In the rear, though accessible from the street by way of a narrow alley, is the smallest town square in all of London. Pickering square is more discreet and much smaller than most of the others in the city, and was a favourite place for duels as they could take place away from prying eyes. The cellars under 3 St James Street are also impressive, sitting on two levels. They both have beautiful stone vaulted ceilings and are popular venues for wine classes and corporate events. One of the lower cellars is called the Napoleon cellar, as he apparently spent time here; it seems he was friends with the obviously well connected George Berry.

 

After finishing my first visit to BBR the next stop was the London suburb of Chiswick to see John Glaser at Compass Box. In just over 10 years John has gone from being a senior blender with Johnnie Walker for Diageo (the world’s biggest whisky and liquor company) to owning a well-respected and growing boutique whisky blending firm. John approached executives at Diageo with the idea for establishing an arm of their company which would craft small batch boutique blends and have the flexibility to experiment. They weren’t interested, it would just be a distraction in a company which already owned a lot of brands, including more than 28 active single malt distilleries, and their only real concern was growing the sales of their Johnnie Walker blends. John left with their blessing and some contracts guaranteeing his new concern access to some of their mature stocks.

The last 10 years have been good to Compass Box, the company is still growing and their future is looking bright. But there are challenges on the horizon. Diageo has stopped sales of it matured single malts to all other firms with the sole exception of Compass Box, but even they (hereafter CB) can’t get everything they used to, especially Caol Ila. Long Diageo’s 2nd Islay distillery behind Lagavulin, the growth of Caol Ila as a single malt has caught everyone including Diageo of guard at the same time that its Johnnie Walker Black Label 12 Year has taken off again. The Black Label relies heavily on Caol Ila, meaning that these stocks are under a lot of pressure. But this isn’t all bad news, because John has been slowly increasing the phenolic (peat) level of his flagship Blended Malt (formerly vatted or pure malt) Peat Monster. When first released 10 years ago it was one of the peatiest whiskies available on the market, but since then Kilchoman, Port Charlotte, Octomore and Supernova have raised the bar. I noticed this instantly when I nosed a recent batch of Peat Monster in his Chiswick studio, “you’ve made this peatier!” I said. John and the team at CB has been quietly raising its phenolic level over the last few years by increasing the contribution of malts like Laphroaig. “It would be hard to keep calling it Peat Monster” if we didn’t!”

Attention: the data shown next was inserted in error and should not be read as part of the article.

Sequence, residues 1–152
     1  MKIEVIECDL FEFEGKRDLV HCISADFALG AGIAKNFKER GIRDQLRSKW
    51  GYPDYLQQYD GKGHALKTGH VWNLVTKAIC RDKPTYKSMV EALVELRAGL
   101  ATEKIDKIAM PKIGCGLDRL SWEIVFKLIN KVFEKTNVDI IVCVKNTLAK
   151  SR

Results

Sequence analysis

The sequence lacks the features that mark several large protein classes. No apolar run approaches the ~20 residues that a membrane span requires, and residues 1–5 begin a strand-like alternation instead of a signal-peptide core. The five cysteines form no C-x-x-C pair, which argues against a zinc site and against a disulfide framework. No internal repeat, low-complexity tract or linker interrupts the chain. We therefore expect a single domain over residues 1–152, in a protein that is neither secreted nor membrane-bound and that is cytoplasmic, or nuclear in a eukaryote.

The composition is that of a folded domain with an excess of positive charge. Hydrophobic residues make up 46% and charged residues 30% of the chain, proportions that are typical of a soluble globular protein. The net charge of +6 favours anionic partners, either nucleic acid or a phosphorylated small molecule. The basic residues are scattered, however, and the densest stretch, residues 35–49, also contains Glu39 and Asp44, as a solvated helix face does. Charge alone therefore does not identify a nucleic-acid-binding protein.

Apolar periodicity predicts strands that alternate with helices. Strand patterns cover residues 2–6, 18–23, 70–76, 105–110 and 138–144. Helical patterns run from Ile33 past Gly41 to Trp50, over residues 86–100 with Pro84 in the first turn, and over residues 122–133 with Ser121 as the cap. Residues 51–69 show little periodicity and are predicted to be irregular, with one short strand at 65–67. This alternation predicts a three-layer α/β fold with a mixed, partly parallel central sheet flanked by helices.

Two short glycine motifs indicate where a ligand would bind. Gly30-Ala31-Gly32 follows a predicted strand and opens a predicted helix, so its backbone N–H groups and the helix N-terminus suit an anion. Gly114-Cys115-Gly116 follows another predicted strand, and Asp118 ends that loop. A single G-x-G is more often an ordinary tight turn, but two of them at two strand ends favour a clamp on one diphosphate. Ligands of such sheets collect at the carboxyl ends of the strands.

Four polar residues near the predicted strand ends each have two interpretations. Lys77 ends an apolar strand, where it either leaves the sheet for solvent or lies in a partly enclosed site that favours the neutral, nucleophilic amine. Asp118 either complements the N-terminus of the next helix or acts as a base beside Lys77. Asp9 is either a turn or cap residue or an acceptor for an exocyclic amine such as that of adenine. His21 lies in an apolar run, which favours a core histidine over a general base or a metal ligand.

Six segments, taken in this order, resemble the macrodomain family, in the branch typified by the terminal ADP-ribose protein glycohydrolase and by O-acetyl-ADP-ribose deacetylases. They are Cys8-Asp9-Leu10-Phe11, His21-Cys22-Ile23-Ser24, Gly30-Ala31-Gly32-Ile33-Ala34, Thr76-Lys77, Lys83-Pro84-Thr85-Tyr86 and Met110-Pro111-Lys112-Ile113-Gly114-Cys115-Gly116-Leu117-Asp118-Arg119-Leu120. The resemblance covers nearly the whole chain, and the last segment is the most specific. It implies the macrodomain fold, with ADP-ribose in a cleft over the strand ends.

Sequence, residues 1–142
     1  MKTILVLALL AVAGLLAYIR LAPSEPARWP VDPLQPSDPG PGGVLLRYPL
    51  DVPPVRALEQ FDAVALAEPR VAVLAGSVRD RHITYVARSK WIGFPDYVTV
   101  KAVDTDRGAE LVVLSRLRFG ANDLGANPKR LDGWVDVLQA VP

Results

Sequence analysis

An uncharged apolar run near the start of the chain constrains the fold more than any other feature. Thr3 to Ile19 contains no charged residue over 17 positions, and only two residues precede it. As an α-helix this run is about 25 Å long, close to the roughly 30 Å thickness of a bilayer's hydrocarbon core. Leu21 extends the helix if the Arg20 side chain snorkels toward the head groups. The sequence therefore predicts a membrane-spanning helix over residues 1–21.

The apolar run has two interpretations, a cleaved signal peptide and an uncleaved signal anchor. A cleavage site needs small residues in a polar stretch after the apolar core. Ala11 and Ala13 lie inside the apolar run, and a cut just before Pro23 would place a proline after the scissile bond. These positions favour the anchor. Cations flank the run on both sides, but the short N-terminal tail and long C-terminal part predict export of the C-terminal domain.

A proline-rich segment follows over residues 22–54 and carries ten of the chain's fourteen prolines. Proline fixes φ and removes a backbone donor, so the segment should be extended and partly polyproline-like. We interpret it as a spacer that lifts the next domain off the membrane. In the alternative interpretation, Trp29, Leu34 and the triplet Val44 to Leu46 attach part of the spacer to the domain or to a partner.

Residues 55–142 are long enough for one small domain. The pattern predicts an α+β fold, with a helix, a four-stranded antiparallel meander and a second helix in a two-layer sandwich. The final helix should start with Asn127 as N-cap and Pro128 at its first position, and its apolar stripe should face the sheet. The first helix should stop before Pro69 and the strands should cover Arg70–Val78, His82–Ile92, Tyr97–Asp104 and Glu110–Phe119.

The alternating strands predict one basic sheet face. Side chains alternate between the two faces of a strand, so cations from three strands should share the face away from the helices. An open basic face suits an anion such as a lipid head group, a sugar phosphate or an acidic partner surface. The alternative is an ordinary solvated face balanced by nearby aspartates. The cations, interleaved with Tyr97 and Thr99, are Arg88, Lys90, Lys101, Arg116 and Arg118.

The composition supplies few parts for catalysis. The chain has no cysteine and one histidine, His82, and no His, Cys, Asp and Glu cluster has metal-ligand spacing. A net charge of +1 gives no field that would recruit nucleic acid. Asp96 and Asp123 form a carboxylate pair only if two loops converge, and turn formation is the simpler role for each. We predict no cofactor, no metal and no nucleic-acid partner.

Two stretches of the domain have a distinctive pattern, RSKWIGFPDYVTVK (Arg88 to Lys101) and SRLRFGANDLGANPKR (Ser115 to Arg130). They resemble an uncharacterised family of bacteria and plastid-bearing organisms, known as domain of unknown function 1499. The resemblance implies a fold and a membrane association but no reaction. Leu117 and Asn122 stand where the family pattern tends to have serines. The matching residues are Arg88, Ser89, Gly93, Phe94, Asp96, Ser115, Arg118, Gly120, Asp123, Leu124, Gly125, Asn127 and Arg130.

Compass Box’s offices serve three purposes: office space, blending lab, and a space for entertaining visitors. It’s an interesting facility, and one which they’ve outgrown. They are in the process of looking for new digs. I sampled a few interesting whiskies while there:

  1. Compass Box Great King Street Barrel Sample – 50% malt /50% grain – Nose: honeyed and waxy, ginger spice, apple crisp and very floral with soft grain notes; Palate: sweet, toasty, floral and creamy; elegant spice and even more grassy floral tones than were present on the nose Finish: light, honeyed and sweet with more grain.
  2. Compass Box Peat Monster – 46% – The recipe has evolved to show more peat and less Caol Ila. – 60% Laphroaig/20% Ledaig/20%Ardmore – Nose: very much dominated by Laphroaigh: sweet, medicinal, honey, toffee and caramel with soft smoke, chewy malt and salted fish; Palate: surprisingly malty, medicinal notes still there but creamy and sweet; the palate has wonderful depth with firm earthy peat and Panda brand licorice; Finish: creamy and sweet with soft peat and chewy malt.